China hesitant over J-10C barter deal with cash-strapped Iran: experts
- Tehran is said to be interested in buying 36 of the advanced Chinese fighter jets but finding the cash could be difficult
- Military analysts say now is not the time to exchange weapons for oil but believe Beijing is considering the move
Reports of Tehran’s interest in the jet have been circulating on Chinese social media platforms for months, with the expiry in October last year of the UN’s 13-year arms embargo which prohibited Iran from buying foreign weapons like tanks and fighter jets.
“The key problem is Iran can’t pay dollars or euros in cash to China, they prefer using oil and natural gas to exchange weapons,” said Zhou Chenming, a researcher with the Yuan Wang think tank, a Beijing-based military science and technology institute.
“However, China has accumulated too much energy reserves… business is business, all arms deals want to make money. It’s impossible for China to get a bad bargain.”
Zhou said the dramatic deflation of Iran’s official currency, the rial, in recent years had forced the Tehran government to hold on to as many foreign currencies as possible.
An earlier report from online media platform Sina News said Iran might buy 36 Chinese fighter jets using half of the US$3 billion in financial help from Qatar. The money was offered by the Emir of Qatar Sheikh Tamim bin Hamad Al Thani when he met Iranian President Hassan Rowhani in Tehran in January last year.
Closer security ties were seen as part of the 25-year strategic cooperation agreement signed in March between Beijing and Tehran to address economic issues amid crippling US sanctions on Iran.
Concrete details of the Comprehensive Strategic Partnership were not released, but according to China’s state broadcaster CCTV, it covers economic activity from oil and mining to promoting industrial activity in Iran, as well as transport and agricultural collaborations.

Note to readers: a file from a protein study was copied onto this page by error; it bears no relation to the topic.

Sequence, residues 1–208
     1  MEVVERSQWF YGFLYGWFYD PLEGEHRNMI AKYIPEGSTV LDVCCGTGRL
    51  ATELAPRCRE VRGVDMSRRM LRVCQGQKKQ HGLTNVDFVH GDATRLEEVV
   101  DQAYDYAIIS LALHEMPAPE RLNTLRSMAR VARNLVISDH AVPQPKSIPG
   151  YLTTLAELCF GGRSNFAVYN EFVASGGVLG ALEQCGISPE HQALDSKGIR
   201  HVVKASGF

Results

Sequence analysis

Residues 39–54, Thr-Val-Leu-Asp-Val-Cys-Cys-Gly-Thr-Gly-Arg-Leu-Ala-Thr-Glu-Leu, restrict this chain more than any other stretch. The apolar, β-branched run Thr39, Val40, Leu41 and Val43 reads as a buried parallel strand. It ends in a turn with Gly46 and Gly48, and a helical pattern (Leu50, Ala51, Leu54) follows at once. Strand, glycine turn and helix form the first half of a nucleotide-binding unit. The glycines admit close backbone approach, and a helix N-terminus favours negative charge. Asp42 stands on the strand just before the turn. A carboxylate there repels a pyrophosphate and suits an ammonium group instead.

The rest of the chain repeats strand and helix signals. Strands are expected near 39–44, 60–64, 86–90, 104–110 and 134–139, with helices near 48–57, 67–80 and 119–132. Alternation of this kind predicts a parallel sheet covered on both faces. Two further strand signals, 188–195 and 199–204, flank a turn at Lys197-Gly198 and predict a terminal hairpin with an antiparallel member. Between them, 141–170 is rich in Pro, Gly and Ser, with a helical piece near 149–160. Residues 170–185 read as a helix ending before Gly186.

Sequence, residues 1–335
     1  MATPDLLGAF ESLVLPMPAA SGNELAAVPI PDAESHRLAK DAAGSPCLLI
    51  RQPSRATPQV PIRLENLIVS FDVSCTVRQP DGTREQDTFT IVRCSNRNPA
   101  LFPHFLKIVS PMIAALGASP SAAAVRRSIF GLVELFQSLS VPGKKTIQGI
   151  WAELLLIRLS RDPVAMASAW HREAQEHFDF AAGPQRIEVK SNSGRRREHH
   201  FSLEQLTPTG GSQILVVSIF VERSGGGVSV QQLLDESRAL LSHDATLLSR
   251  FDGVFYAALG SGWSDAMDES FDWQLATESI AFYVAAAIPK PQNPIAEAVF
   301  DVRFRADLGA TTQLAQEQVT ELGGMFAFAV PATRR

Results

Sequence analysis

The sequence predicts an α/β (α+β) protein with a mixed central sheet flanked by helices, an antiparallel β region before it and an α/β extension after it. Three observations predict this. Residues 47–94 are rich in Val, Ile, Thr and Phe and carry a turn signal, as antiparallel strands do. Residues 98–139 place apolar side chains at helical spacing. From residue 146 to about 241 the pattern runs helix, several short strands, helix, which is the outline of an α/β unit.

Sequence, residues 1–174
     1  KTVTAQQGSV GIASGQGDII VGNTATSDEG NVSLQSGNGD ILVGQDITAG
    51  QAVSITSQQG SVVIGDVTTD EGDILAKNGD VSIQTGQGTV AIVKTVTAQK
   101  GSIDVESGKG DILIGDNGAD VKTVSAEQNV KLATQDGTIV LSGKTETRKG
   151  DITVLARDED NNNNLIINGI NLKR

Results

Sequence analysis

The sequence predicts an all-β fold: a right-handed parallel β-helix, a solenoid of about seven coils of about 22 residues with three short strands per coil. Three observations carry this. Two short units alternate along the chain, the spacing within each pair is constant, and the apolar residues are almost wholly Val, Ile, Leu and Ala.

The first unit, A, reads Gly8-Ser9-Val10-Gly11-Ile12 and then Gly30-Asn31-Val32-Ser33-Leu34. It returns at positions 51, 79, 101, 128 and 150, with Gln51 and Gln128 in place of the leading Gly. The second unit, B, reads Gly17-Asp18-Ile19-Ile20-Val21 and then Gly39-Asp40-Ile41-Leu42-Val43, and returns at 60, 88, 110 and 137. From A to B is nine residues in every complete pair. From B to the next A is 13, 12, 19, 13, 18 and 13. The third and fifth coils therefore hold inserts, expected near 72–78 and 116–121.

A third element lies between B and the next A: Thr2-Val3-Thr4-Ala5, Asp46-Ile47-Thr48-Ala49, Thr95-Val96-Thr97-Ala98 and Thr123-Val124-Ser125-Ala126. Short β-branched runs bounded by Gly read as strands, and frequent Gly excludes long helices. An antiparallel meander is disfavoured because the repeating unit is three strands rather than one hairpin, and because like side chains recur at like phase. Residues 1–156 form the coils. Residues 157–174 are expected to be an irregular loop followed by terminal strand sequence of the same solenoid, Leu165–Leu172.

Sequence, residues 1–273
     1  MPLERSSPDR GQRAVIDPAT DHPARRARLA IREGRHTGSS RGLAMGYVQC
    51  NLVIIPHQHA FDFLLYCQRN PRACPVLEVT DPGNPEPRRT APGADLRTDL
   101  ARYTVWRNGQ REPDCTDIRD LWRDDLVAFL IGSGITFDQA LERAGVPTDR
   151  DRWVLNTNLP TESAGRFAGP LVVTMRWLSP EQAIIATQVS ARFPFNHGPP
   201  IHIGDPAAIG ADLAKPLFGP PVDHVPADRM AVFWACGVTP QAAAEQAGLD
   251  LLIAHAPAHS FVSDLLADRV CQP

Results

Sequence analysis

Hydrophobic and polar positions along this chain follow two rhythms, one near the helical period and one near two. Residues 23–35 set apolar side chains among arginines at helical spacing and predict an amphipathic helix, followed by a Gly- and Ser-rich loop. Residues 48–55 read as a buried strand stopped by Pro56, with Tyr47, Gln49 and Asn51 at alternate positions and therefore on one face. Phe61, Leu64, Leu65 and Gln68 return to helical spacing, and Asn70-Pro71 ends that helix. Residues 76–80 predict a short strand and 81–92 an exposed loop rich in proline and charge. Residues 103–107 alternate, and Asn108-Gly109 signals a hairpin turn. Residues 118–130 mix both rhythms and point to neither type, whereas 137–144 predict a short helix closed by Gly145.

The J-10C is an upgraded version of China’s single-engine, lightweight, multi-role J-10, which was designed for air-to-air combat. The advanced version is powered by a modified engine designed for stealth and thrust vectoring.
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Besides the J-10C, Iran could also be considering Russia’s MiG-35, Su-35 and Su-30SM fighter jets, according to Hong Kong-based military commentator Song Zhongping.
“China can offer two options, the less advanced FC-1 Xiaolong fighter and the more advanced J-10C. Both are lightweight fighter jets that are cheaper than the Russian aircraft,” Song said.
The unit price for China’s J-10 is between US$40 million to US$65 million, based on the configuration installed on the platform, compared with US$175 million for a MiG-35 Eurofighter Typhoon, or US$55 million for the less advanced MiG-35 Fulcrum.
The unit price for Russia’s Su-30SM is US$50 million per unit. In contrast, the US F-35 Lightning II is priced at US$110 million.
Shanghai-based military expert Ni Lexiong said China should prioritise its own economic considerations, after its bruising trade war with the US, which started in 2018, and the ongoing Covid-19 pandemic.
“Holding more cash and foreign currencies is always the top priority when dealing with an economic crisis. China doesn’t need so much raw petroleum amid current economic setbacks, with prices of oil and gas decreasing day after day,” Ni said.
“China doesn’t have an obligation to give Iran free arms. Indeed, Beijing needs to consider what the US and Israel would think if Beijing offered Tehran a cheaper arms deal.”
Trade between Iran and China has been worth some US$20 billion annually in recent years, down from nearly US$52 billion in 2014 because of US sanctions imposed in 2018 after Trump unilaterally pulled the US out of a nuclear deal between Tehran and the world powers, saying it needed to be renegotiated.